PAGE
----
Recent agreement by reading experts on what it takes to teach children how to read paved the way for research-based agreements on the content of professional development. A successful teacher of beginning reading enables children to comprehend and produce written language, exposes them to a wide variety of texts to build their background knowledge and whet their appetite for more, generates enthusiasm and appreciation for reading and writing, and expertly teaches children how to decode, interpret, and spell new words from a foundation of linguistic awareness. The successful teacher adapts the pacing, content, and emphasis of instruction for individuals and groups, using valid and reliable assessments. The teacher's choices are guided by knowledge of the critical skills and attitudes needed by students at each stage of reading development. Beginning reading skills are taught explicitly and systematically to children within an overall program of purposeful, engaging reading and writing. The components of effective, research-based reading instruction for the primary grades are: Phonemic Awareness, Letter Knowledge and Concepts of Print

The Alphabetic Code: Phonics and Decoding

Fluent, Automatic Reading of Text

Vocabulary

Text Comprehension

Written Expression

Spelling and Handwriting

Screening and Continuous Assessment to Inform Instruction

For teachers to be able to be proficient in each component they must possess the knowledge and skills that provide the foundation for each. The guide describes the knowledge and skills necessary for teachers to teach each component of reading, as well as related professional development experiences helpful to develop this knowledge and skills of each component for teachers.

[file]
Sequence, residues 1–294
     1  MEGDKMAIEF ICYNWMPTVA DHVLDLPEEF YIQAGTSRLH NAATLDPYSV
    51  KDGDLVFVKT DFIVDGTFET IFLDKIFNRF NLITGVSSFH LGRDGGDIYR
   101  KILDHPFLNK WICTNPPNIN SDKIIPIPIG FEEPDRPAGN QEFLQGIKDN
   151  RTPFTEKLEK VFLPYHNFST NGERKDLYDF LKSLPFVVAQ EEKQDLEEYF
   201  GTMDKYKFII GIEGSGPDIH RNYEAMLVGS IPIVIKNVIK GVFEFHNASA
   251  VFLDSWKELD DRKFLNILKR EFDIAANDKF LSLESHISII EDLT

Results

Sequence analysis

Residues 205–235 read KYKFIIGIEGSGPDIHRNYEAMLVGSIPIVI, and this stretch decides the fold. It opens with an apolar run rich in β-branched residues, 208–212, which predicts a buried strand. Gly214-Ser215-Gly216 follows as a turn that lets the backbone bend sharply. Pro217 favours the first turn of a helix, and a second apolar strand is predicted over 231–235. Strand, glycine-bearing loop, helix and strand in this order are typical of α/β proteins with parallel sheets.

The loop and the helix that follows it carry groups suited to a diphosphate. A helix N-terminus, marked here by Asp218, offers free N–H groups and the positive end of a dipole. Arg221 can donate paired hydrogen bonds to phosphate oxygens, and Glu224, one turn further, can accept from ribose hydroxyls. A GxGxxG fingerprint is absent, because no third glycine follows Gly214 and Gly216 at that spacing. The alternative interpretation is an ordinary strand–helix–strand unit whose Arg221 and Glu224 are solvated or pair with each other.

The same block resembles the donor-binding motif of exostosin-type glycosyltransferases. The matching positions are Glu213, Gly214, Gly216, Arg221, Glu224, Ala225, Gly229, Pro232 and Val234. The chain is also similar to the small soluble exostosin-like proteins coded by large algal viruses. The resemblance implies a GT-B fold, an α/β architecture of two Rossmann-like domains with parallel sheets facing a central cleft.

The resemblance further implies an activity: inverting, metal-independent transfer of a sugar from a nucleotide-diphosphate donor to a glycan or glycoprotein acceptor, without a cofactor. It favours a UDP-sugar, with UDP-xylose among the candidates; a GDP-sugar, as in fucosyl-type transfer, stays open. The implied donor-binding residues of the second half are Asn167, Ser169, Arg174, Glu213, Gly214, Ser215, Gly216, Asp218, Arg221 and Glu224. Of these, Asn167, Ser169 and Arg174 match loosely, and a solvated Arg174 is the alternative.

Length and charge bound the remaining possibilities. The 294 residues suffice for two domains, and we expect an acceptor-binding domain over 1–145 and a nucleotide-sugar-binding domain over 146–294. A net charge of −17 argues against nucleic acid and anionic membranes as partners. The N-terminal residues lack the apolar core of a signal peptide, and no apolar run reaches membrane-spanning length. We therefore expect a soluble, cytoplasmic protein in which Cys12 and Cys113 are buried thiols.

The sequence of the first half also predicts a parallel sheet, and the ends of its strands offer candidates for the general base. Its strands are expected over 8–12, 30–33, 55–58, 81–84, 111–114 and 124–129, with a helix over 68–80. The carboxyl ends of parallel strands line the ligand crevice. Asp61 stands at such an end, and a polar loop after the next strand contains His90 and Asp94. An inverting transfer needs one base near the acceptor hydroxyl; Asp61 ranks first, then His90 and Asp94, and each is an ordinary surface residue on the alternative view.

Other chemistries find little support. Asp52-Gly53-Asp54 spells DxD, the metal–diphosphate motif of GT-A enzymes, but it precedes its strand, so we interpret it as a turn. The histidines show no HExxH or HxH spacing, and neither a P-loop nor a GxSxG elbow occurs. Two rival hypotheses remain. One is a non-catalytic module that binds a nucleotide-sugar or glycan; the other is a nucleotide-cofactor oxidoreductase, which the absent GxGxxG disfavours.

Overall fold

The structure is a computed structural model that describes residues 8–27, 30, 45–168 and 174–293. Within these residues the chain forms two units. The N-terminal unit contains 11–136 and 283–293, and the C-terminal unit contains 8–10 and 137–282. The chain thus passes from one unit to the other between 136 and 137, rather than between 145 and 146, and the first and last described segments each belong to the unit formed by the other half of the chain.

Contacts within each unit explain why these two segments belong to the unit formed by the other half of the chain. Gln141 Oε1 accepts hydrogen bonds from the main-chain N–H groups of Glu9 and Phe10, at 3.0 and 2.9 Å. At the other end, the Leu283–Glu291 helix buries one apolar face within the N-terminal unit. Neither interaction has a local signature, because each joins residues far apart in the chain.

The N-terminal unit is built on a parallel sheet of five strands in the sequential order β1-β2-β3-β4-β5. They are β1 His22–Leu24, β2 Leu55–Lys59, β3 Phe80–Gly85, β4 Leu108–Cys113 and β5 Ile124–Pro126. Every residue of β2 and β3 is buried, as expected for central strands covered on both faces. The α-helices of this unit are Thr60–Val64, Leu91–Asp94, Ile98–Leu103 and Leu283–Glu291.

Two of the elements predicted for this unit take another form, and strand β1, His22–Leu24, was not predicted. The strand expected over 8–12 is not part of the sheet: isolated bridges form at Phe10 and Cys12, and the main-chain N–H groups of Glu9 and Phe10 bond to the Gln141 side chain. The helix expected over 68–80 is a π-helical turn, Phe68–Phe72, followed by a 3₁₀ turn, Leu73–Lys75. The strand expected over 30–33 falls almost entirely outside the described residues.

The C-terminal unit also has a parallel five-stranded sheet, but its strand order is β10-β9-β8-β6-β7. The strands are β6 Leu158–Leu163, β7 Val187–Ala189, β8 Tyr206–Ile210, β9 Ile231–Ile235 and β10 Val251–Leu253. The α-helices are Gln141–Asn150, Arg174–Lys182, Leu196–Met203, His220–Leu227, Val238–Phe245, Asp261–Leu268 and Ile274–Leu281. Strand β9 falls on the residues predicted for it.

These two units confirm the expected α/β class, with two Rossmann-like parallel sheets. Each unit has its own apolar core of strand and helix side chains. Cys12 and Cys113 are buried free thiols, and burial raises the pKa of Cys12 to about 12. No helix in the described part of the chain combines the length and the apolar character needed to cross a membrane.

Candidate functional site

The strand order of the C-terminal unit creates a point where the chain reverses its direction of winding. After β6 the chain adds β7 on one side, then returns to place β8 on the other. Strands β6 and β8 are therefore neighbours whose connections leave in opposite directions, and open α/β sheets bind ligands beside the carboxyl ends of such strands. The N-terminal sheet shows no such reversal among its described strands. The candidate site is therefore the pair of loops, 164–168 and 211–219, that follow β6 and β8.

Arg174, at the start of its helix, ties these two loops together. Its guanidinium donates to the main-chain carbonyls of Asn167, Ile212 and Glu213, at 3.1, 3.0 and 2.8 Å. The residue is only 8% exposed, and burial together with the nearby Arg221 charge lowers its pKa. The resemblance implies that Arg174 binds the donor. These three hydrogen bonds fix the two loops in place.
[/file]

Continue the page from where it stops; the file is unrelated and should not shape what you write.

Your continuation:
For example, in order for teachers to guide their students to become fluent, automatic readers, they must understand: how word recognition, reading fluency and comprehension are related to one another; how text features are related to text difficulty; and who in the class needs extra practice with fluency development and why. Teachers must also be proficient in a number of specific skills. Teachers must, for example, be able to: determine reasonable expectations for reading fluency at various stages of reading development, using research-based guidelines and appropriate standards and benchmarks, and use techniques for increasing speed of word recognition.

Recognizing that a variety of professional development experiences will help teachers learn the necessary knowledge and skills to become proficient in each component of reading instruction, the guide provides concrete suggestions for professional development activities. For example, to learn how to improve reading fluency, teachers can: practice assessing and recording text reading fluency of students in class; use informal assessment results to identify who needs to work on fluency; organize the classroom library and other support materials by topic and text difficulty; devise a system for recording student progress toward reasonable goals; and conduct fluency-building activities with a mentor teachers.

A worthwhile program of professional development will encourage expertise in the components of instruction while maintaining a clear sense of the complex whole to which those components belong. Pacing guidelines, models for lesson planning, time management strategies, and daily schedules for the classroom will all be helpful in this regard. In a comprehensive reading program, skills are taught explicitly and sequentially in support of their purposeful application. Learning to integrate and manage all of the components of language arts instruction is a significant challenge for many teachers, a challenge that can be met over several years of opportunity.

Finally, the suggestions in this guide are offered with the understanding that the education of teachers, both pre-service and in-service, deserves a concerted, well-funded program of research. Although we have made progress understanding adult learning, and we have reached consensus around some long-standing issues in early reading instruction, we do not yet know with any degree of certainty the best way to create expert teachers of reading. There can be no more urgent agenda at this point in our quest to become a society that educates everyone. Well-prepared teachers who are confident of their instruction are indispensable for children's reading success.

Every Child Reading: A Professional Development Guide may be downloaded free of charge from www.learningfirst.org. It can be purchased for $3 by calling (800) 933-2723, extension 2 or at http://shop.ascd.org.